Q) What made you want to be a part of the show "Heartland"?
A) David Hollander's writing was extraordinary and I think it's an area, the donor and transplant issue, is something no one's ever dealt with before. I think it is breaking some new ground and I am excited about that. Basically, it's the fact that I think David Hollander is a great writer.
Q) Was it a difficult decision to take another role as a doctor?
A) No, because to me you play the person and the occupation is secondary. It's a great role and a great show. I didn't have any hesitation at all. If the next five great parts are doctors then I'll play five more doctors. To me, it's more about who the person is.
Q) What are the similarities and differences between Nathaniel Grant and Andy Brown that drew you to taking another TV series so quickly?
A) I think it was more about David Hollander's writing. I think the similarities between David Hollander and Gregory Berlanti is a better way to put it because they are such great writers. I just can tell that David was a gifted writer and I really wanted to work with him. Nathaniel Grant is a little darker than Andy Brown and I think his issues are more deep seeded because he's a workaholic. He's probably the guy Andy Brown used to be with an awkward journey ahead to get his life in order.
Q) How have you noticed any differences between the support, both creatively and publicity wise, from TNT than with the WB?
A) I think, and Greg Berlanti told me this, that he was consistently trying to wrestle the WB away from trying to turn what was a great family drama into a teen show. I think WB always presented it as a teen show, which it never was. I think that the audience discovered it, in spite of the WB's efforts to make it a teen show. Whereas, TNT seems to love the fact that this is an adult drama. I have never seen, in the history of my career, such a great campaign for a film or television series. It's phenomenal!
Q) What about your role do you find challenging?
A) It's very deeply emotional and sometimes the days are very long. The hardest thing is that there is a lot of emotional work to do and it can be wearing emotionally.
Q) What has been your most memorable moment from filming?
A) I got to swing off a tree onto a lake. I never thought I'd be doing that! I'm playing a doctor and somehow I wound up swinging on a rope swing into a lake!
Q) You've worked with David Paymer on "Everwood" and now on "Heartland." What are your thoughts on him as a director?
A) David Paymer and I go back thirty years. We just had our thirtieth anniversary of David and I performing on Broadway in Grease. David had made a short film and both he and I worked very hard to get him his first television directing job on "Everwood." We're both very excited and proud that he has become an in demand director since then. So, it's been a very long friendship for us. He's one of my best friends in the world and he's a great director.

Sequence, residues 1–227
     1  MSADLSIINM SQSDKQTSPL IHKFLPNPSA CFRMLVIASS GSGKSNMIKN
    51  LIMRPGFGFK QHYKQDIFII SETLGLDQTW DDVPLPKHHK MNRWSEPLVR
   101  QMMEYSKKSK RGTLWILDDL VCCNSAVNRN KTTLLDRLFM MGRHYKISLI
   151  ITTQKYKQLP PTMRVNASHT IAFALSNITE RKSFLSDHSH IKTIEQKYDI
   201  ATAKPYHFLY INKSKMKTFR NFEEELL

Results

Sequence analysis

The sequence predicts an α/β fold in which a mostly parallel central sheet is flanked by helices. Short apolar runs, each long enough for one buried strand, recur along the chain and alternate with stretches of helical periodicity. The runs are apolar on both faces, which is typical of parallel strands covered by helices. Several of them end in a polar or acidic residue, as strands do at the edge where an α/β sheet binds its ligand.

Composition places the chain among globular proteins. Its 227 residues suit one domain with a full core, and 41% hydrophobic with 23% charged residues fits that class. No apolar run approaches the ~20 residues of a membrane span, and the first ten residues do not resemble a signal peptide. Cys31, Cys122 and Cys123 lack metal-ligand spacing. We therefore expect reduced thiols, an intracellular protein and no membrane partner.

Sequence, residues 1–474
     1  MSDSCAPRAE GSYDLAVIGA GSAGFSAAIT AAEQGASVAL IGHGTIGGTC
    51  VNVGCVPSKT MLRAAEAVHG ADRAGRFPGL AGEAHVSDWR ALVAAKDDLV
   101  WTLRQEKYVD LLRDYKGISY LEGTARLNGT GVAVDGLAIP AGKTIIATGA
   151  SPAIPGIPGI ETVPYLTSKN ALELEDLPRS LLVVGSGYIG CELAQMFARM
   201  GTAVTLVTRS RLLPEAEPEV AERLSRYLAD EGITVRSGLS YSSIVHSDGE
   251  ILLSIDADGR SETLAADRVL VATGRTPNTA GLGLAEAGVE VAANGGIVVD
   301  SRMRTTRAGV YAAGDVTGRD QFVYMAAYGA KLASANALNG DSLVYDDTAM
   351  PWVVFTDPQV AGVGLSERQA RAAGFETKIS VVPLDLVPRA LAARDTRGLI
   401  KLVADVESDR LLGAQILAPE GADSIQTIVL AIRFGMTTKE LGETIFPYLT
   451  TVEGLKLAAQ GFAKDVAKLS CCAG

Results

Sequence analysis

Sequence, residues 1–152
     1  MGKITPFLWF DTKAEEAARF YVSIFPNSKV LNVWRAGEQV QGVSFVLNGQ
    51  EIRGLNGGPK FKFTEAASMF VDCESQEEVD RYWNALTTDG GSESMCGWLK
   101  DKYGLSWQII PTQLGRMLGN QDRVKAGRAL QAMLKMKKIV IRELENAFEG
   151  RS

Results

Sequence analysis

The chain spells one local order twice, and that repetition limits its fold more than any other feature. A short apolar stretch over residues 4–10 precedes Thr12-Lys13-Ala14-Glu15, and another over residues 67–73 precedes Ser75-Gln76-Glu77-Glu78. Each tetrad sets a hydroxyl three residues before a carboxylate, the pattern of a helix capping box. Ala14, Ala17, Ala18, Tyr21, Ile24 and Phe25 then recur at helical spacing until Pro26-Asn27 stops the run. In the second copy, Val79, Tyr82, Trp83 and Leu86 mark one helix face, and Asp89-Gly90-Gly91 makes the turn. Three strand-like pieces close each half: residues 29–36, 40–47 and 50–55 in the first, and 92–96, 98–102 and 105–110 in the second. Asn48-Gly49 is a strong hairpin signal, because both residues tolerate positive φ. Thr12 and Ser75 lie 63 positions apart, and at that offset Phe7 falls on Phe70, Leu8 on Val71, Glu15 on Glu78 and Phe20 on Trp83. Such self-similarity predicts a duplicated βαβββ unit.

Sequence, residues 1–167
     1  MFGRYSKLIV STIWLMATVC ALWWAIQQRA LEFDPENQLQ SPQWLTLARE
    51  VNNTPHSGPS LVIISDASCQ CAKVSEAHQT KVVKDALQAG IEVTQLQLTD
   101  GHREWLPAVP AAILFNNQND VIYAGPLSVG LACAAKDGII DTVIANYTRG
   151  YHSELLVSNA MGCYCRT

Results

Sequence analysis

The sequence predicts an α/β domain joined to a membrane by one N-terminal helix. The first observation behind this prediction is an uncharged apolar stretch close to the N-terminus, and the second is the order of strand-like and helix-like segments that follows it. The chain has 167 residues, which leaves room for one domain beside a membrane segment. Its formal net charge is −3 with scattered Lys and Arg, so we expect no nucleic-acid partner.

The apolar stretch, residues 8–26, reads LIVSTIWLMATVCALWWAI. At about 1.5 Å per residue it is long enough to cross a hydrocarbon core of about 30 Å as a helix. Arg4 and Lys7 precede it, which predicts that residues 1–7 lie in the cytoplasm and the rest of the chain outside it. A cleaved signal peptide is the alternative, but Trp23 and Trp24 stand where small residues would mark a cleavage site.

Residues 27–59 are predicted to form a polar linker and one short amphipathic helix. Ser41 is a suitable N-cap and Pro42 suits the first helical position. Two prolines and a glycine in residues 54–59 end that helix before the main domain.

Q) Ryan Hurst has a great cameo in the first episode of "Heartland." Are there other recognizable actors that we should expect to see?
A) Dabney Coleman plays my mentor and Melinda Dillon. Right now, I think they are developing the show and building on the characters that are the six lead actors. I think that's a great idea. I don't think this is going to be a "star of the week" kind of show. It is an ensamble where we won't need to bring in outside actors too often.
Q) Do you keep in touch with your former cast of "Everwood?"
A) Yeah we do! I talk with everyone. We try very hard to stay in touch. It was a really nice family and everyone is concerned about each other's welfare.
Q) Were you surprised that Everwood was cancelled and how hard was it to get over that?
A) I'm raising children and it was kind of a blessing in disguise. I was actually kind of relieved to be able to spend more time with my wife and kids.
Q) Is there any storyline or direction that you would like to have seen your character, Andy Brown, go in?
A) No, I think the first two seasons are the best two seasons. To be honest, I wasn't particularly fond of where he went in the third season. I think when Jake left the show it went in a different track, but that's all water under the bridge now. I think Greg did so much with him, it was wonderful.
Q) As an actor, how do you balance the cancellation of a show with going into new work?
A) It really wasn't a balance. I went to bed and took my kids to school the next day and went on with my life. A year later, this came up. It seemed to be the right thing at the right time. I am hoping that as a result of being on the air and from doing a lot of interviews, that I was right!
Q) You were on the show "Brothers & Sisters" earlier this year. Your character was left open-ended. Is there any opportunity for you to go back and end that story line?
A) I'd love to if Greg wants me back, but right now I'm busy with this. I want to go back and focus on my family when I finish. Right now, I just want to raise my children.
Q) Of all the numerous roles you've played throughout the years, which one do you feel most resembles you?
A) That's hard because there is a distinct part of me in all of them. I would have to say Andy Brown was probably the closest thing to me being me.
Q) Why should people take the time to tune in and see "Heartland?"
A) I think it's a great drama and deeply moving. I think that if people want to forget their lives for an hour and watch somebody else's this will be a great way to do it!